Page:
US Supreme Court justice dismisses lavish gifts reports as lies

WASHINGTON: US Supreme Court Justice Clarence Thomas, who has found himself under scrutiny over his judicial decisions and accepting lavish gifts from a billionaire Republican, is dismissing the criticism as “nastiness” and “lies,” according to US media.
“There’s certainly been a lot of negativity in our lives, my wife and I, over the last few years, but we choose not to focus on it,” the New York Times quoted Thomas as saying Friday at a judicial conference in the southern US state of Alabama.
Staunch conservative Thomas, the longest-serving justice on the court, has been embroiled in controversy since it emerged last year that he had gone on a trip paid for by Republican donor and real estate tycoon Harlan Crow.
The justice has also faced calls to recuse himself from cases related to the 2020 election because of his wife’s involvement with efforts to block Joe Biden’s victory.
“What you are going to find, especially in Washington, is that people are going to pride themselves on being awful,” Thomas said, according to the Washington Post. “It’s a hideous place.”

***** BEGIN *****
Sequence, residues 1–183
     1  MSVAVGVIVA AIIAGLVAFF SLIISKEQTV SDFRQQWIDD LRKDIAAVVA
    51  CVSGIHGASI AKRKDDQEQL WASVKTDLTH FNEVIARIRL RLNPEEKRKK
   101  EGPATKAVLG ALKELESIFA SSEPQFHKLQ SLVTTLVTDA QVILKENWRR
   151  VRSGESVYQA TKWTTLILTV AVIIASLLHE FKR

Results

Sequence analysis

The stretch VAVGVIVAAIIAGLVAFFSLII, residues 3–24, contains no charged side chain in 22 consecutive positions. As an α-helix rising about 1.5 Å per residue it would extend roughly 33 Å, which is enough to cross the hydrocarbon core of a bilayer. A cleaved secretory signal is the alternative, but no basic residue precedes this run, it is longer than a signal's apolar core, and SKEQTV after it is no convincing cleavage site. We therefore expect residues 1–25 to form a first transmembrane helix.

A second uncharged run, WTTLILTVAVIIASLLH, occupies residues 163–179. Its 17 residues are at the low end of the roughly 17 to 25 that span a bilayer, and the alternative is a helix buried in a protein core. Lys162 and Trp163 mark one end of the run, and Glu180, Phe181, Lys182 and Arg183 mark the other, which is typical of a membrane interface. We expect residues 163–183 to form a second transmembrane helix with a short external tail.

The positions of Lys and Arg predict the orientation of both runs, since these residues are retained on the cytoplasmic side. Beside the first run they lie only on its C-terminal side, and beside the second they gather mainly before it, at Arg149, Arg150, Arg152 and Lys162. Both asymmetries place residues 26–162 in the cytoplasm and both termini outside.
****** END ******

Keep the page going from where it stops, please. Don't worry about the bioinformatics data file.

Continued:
Thomas stressed that he and his wife try to ignore their critics and focus on the positive.
“You don’t get to prevent people from doing horrible things or saying horrible things,” the justice was quoted as saying by the Times. “But one, you have to understand and accept the fact that they don’t, they can’t change you unless you permit that.”
According to a ProPublica investigation published last year, 75-year-old Thomas went on one trip to Indonesia paid for by Crow that alone was likely worth $500,000.
He also joined Crow — whose friendship with the justice the New York Times in 2011 called “unusual and ethically sensitive” — for trips to an exclusive all-male wilderness resort in California and to properties in Texas and New York state over the past two decades.
Crow told ProPublica that his gifts to Thomas were “no different from the hospitality we have extended to our many other dear friends,” and that the two had never discussed pending cases.
Thomas, who was nominated for the court in 1991 after a confirmation process in which he was accused of sexual harassment by a former aide, joined the majority of judges who ruled to overturn the national right to abortion last year.
He went further than his colleagues, saying the conservative-dominated court should also examine its rulings on contraception and same-sex marriage.


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